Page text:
Tech innovations for sustainability and fairness in the fashion industry
The fashion industry is facing a sustainability crisis. As part of IBM’s Think Summit, UKFT’s CEO and IBM’s Global Managing Director for the Consumer Industries, discussed how emerging technology is helping to create more efficient and sustainable supply chains by revealing the entire lifecycle of a fashion garment.
UKFT is working with IBM, TechData and the University of Leeds on the Sustainable Supply Chain Optimisation (SSCO) project, a research and innovation initiative jointly funded by the UK Government through UK Research and Innovation and Innovate UK.
At IBM’s Think Summit UKFT’s CEO Adam Mansell, said: “Sustainability and transparency has been an issue for the industry for a number of years and has become increasingly important throughout the whole of the supply chain. This move is driven predominantly by retail and a desire to understand where products are made, how they are made and how employees in the different supply chains are looked after.”
The SSCO project aims to develop a platform that all stakeholders, from microbusinesses through to large retailers, can use to input data and access that data to understand their supply chains more clearly. It will allow them to understand the pinch points and they can use that insight to change their own business models to deliver a more sustainable fashion and textile industry.
Adam gave the example of an organic T-shirt and the challenges of getting true visibility of each stage of its production.
“The cotton could be grown in one continent, it could be ginned somewhere else, spun somewhere else and knitted somewhere else, then turned into a garment somewhere else entirely,” he said. “Understanding all those different supply chain pinch points all the different actors in the supply chain makes it a very complex set of data.
“Large retailers may have visibility of their tier 1 and tier 2 suppliers but even they wouldn’t necessarily understand where their tier 3 and 4 and agricultural supplies come from. Certainly their buyers won’t. Using this platform, we aim to help both big retail and small businesses.
“In our industry in the UK, over 80% of the businesses are microbusinesses so it’s a very hard for businesses of that size to access that sort of data. This platform we’re developing will hopefully give us more data and clarity in one place to change practices in this industry.
Luq Niazi, General Manager for the Global Distribution Sector & Global Managing Director for the Consumer Industries at IBM, explained that the technology company has been working on this kind of problem for the last few years.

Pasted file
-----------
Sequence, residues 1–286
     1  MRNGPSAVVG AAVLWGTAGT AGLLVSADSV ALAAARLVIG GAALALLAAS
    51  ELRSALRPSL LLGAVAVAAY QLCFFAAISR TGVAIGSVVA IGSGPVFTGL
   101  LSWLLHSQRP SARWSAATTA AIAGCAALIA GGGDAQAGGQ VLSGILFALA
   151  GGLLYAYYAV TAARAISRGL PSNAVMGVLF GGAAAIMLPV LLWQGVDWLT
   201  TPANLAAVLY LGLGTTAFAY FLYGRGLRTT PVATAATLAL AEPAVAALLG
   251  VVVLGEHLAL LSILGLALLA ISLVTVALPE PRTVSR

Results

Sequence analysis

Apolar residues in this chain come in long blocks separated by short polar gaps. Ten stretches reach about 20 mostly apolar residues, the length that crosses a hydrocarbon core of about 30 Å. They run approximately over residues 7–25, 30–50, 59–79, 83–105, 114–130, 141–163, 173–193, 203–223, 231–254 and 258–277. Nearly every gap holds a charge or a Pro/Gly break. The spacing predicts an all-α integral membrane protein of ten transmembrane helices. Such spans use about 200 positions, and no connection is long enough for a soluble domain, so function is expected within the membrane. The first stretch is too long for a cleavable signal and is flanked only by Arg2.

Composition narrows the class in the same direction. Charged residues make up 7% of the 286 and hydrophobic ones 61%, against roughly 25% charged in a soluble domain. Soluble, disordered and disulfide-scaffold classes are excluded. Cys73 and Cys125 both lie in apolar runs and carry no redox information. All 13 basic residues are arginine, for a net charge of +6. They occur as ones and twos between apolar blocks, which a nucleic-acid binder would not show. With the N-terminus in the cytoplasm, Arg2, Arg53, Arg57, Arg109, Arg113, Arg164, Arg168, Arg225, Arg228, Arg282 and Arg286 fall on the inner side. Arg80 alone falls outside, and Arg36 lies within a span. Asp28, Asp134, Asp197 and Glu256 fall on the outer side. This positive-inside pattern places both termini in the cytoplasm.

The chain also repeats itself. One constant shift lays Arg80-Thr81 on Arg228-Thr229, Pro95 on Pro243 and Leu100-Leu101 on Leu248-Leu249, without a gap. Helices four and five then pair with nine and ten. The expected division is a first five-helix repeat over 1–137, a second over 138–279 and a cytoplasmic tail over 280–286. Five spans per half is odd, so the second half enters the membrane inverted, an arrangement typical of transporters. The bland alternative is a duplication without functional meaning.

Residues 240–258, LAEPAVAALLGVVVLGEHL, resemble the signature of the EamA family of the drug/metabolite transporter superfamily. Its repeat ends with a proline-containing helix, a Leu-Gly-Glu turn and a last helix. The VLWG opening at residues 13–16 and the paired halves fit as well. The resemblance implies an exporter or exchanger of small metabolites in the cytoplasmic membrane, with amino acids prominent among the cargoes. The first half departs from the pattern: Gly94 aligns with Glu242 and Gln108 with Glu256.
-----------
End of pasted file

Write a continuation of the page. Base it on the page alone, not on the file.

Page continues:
IBM started work on consumer-related traceability with the Food Trust platform, which looks at the safety of food from farm to fork. It works on a blockchain transaction system in a similar way that will be used for the SSCO project.
“If you can track safety, that means you can track carbon footprints, water and you can also track issues around ethical labour practices,” said Luq. “That’s all part of a movement we’re involved in and something we’re also seeing in other parts of the industry, with our work with Kaya & Kato in Workwear and our work with Picenza in Italy looking at sustainability in fabric manufacturing.
Adam explained that the drive for increased transparency from the fashion industry came from two key drivers.
“The first is the retailer’s desire to be doing the right thing and to be seen to be doing the right thing but there is also the drive from legislation,” he said. “If we look just within the UK, there is extended producer responsibility coming down the track, which in very simplistic terms will mean retailers are responsible for how consumers get rid of their clothes at the end of their lifecycle. There is new legislation around packaging and existing legislation around the use of chemicals. These are driving change but also companies that can show their consumer that they are traceable and have full visibility of their supply chain will end up with a bigger slice of the consumer cake.”
Adam said that the market for fashion is incredibly challenging at the moment, with pressures coming from all angles. In some ways Covid has hampered progress on sustainability but in others, it has exposed the weaknesses in fashion supply chains, which makes a project like this even more valuable.
“It is interesting because manufacturers are being asked for all kinds of different data requirements from actors all the way up the value chain,” said Luq. “I think the more we can democratise that data and have some kind of consistency of information will help that.”
Luq asked if there was anything further from a policy perspective that would help to accelerate the project and the drive for greater sustainability.
“What I think is missing from the sustainability ecosystem is a recycling and upcyling supply chain,” said Adam. “For example, we could work with all the big retailers to collect back used clothing but unless we have the infrastructure to strip a jumper back down, respin it and put it back into the supply chain, all we end up doing is creating a mountain of second hand clothing that ends up in landfill or gets shipped overseas. And without that recycling infrastructure, things get terribly difficult. We need to not only look transparency but we also need to think about how we use data to make sure that a company understands that a particular shirt has got three different fibre types in so needs to go through a particular recycling process. That would really close the loop and get the most from data.”